Commenting Etiquette 101

Good Monday, everyone. Instead of the usual Monday lesson or information article, I felt compelled to step on my soapbox and have a wee rant about Blog Etiquette, specifically, visiting blogs and responding to posts.

I love to visit my friends’ blogs. I enjoy reading about their adventures, vacations, family moments, or whatever lessons they feel are important. Reading about what others feel and do broadens my perspective and also helps me to stay in touch with people in a more personal way. Some are like digital newsletters while others are like family scrapbooks. But what is important to remember is that they are sharing personal things, whether it is a lesson or an intimate family vacation, the blog is theirs, their thoughts, their impressions, theirs.

It’s a little like visiting someone’s home. When you go to another’s house, I was taught to behave. In other words, you don’t put your feet on the table, or shoes on the furniture. You mind your manners and be gracious. And blogs are much the same as going to someone’s house — you are a guest to them.

Problem is people visiting blogs have forgotten how to act. Guests behave badly these days.

So let’s review some fundamentals and bone up on our manners.

1. When visiting a blog or posting on someone’s social media page, remember it is THEIR page, not yours. They have a right to write what they will.

2. If you don’t like what is written, you have the right to leave, move on, pass over the post.

3. If you don’t like what is written, and it is a public forum, you have the right to your own opinion and may offer a dissenting viewpoint. But remember to mind your manners. You may NOT attack the author. Just as you would not attack someone in a person’s home, so you do not do it in a public forum. 

4. Do not show up to sell something. That’s rude and spamming. Never use someone’s invitation to their blog as a means to solicit. If I invite you to my house, you don’t get to have a Tupperware sale, or a Come-To-Jesus meeting. That’s inappropriate, rude, and disrespectful to use people that way, in case no one ever told you that.

5. In today’s world, everyone seems to be a writer. That’s great! Do not use a shared connection (we’re both writers or painters or singers or mothers, etc.) to ask for help. That is inappropriate to solicit in public in a comment. If you want to reach out to a person because you want help or need to share, use contact forms or send private messages or use email (if known). Stop using comments to ask for help or solicit anything.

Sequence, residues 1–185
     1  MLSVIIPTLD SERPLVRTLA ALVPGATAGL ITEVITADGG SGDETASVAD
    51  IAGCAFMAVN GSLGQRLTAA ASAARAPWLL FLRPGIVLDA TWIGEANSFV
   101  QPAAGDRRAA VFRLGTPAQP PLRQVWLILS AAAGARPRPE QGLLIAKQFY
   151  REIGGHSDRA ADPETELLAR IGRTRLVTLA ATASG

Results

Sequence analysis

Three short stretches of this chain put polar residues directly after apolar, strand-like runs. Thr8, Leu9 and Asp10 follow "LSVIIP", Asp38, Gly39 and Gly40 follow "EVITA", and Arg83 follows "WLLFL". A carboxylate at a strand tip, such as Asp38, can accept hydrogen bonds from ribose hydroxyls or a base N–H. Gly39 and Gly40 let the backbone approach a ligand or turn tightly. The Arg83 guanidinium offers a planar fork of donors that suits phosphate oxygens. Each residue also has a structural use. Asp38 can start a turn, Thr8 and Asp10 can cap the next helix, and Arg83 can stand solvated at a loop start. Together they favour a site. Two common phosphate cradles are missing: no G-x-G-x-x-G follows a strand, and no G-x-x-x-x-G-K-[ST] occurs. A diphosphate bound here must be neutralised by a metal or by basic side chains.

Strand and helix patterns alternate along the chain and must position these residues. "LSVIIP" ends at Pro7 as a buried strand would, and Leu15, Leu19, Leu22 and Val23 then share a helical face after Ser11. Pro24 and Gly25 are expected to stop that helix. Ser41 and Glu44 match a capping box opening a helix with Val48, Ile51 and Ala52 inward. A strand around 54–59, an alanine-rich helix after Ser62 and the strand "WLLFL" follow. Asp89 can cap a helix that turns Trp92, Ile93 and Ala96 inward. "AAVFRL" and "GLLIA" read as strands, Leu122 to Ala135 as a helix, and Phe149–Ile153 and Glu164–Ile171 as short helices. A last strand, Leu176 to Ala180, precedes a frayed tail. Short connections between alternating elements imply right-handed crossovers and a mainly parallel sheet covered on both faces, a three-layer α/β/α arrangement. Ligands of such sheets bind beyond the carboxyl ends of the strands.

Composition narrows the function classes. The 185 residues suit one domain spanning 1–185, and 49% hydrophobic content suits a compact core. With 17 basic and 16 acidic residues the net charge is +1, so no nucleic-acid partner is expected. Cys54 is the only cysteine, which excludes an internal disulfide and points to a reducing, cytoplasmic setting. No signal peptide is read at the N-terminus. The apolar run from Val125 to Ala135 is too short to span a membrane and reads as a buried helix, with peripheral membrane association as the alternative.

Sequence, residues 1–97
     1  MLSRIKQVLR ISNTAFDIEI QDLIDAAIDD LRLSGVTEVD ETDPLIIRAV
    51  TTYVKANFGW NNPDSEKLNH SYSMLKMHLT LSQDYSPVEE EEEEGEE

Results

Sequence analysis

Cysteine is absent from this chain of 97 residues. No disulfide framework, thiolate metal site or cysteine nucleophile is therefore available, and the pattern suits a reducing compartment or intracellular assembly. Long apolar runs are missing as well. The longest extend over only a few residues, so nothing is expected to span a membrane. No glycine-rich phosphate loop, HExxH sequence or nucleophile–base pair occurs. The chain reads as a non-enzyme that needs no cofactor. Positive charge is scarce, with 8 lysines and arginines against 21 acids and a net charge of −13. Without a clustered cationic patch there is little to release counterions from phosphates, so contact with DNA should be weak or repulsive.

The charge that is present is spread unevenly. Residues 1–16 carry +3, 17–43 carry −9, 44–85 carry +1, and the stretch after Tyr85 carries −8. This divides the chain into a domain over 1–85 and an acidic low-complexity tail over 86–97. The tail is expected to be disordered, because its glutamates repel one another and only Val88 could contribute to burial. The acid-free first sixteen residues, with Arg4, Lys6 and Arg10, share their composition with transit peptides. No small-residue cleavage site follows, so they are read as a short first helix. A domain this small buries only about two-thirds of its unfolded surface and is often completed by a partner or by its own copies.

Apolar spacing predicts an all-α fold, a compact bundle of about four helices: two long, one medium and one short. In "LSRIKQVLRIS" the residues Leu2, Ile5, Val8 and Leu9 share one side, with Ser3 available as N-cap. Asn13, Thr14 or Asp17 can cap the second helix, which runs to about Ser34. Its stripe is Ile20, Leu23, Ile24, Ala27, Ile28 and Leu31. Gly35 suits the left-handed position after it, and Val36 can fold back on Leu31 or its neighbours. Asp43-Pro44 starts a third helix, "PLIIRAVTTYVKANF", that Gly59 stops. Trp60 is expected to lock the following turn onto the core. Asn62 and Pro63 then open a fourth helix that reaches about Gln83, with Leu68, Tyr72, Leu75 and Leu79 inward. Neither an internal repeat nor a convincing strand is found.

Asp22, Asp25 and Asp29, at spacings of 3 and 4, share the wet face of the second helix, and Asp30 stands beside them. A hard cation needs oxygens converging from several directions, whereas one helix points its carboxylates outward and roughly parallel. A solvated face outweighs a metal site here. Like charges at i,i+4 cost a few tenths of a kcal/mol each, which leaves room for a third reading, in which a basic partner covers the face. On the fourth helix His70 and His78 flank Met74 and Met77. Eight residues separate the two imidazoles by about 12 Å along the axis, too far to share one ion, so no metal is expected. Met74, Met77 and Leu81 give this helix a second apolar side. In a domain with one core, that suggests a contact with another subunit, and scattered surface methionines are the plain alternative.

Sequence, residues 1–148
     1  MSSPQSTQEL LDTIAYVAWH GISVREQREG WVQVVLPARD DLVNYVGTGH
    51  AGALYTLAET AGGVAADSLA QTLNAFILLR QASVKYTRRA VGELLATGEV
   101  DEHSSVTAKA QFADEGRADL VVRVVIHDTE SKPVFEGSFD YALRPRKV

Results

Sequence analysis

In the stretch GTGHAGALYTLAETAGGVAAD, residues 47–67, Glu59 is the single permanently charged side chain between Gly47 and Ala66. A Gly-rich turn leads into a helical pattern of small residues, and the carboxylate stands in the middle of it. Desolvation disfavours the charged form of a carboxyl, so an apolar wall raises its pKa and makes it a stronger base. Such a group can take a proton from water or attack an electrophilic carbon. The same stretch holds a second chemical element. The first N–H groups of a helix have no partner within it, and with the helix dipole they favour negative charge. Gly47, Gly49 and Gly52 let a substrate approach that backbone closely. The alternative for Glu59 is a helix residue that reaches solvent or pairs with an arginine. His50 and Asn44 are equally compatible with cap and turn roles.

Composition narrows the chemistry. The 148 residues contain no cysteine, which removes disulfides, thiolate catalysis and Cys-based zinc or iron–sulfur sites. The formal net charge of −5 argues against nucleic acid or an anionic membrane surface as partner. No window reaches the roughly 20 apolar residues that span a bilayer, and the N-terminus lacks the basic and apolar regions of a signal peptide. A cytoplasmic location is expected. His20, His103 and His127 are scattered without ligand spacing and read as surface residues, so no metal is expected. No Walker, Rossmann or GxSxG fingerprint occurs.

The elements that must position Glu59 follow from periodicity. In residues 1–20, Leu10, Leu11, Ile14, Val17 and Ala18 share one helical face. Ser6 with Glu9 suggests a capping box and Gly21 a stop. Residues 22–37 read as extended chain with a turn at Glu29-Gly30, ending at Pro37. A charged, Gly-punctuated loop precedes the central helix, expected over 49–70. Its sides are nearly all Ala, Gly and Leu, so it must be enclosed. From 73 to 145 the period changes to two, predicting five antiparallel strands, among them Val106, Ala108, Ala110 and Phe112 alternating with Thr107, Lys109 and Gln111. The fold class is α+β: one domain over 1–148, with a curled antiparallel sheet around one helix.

6. Remember that your comments should address what the post is about. If the person writes about a recipe, then comment about how you tried it, how it sounds, if your family makes something similar, or ask a question about the recipe. Do NOT branch out into how the recipe is used by politicians to solicit votes (just a far flung example, folks). In other words, be in the moment and focus on what the person is saying/writing about. Reminder, this is THEIR house, not yours.

7. Do NOT come to people’s posts to ask them to buy your products or view your page. That is spamming. Do you know the sign that says NO SOLICITING?

8. Mind your manners. If the poster speaks about winning an award, congratulate them. If you don’t feel the love, move on. No one said you had to be there. If you won the award too, share! If you are jealous and don’t feel the award program was worthwhile, don’t spew your negativity. That’s rude and is meant to drag down the other person. Take your hate elsewhere or write your own post about it. Remember you are to comment on what is, not what should be or wasn’t. Don’t be a troll.

9. If the poster asks for your opinion, by all means give one. But remember to mind your manners and watch your language. Freedom of speech doesn’t mean freedom to disparage or be foul. Would you do this inside of someone’s house as a guest? (If you would, then you need more manners than I can remind you of here!).

10. Remember that there are other means of expanding conversations if you feel it is warranted. Do NOT use other people’s posts as a means to advance yourself. Get your own blog for that, ok? Then maybe I’ll come and visit you.

11. Behavior as a commentor also defines you as a person. Are you trying to be seen as a professional in a like field as the poster? Perhaps in a field that may be of interest to the blog writer? Then act professional! People will notice those who carry themselves with a welcoming and professional attitude. Be a putz if you wish, but that will be your forever reputation. Is that what you really want? I hope not because that behavior can also get you deleted and blocked. That’s a huge UNWELCOME mat and people hear about folks who earned one.

Blogs are a good way to disseminate information, share photos, expand awareness, even approach controversy. I like them, and I like visiting them. But I never forget to mind my manners when I do.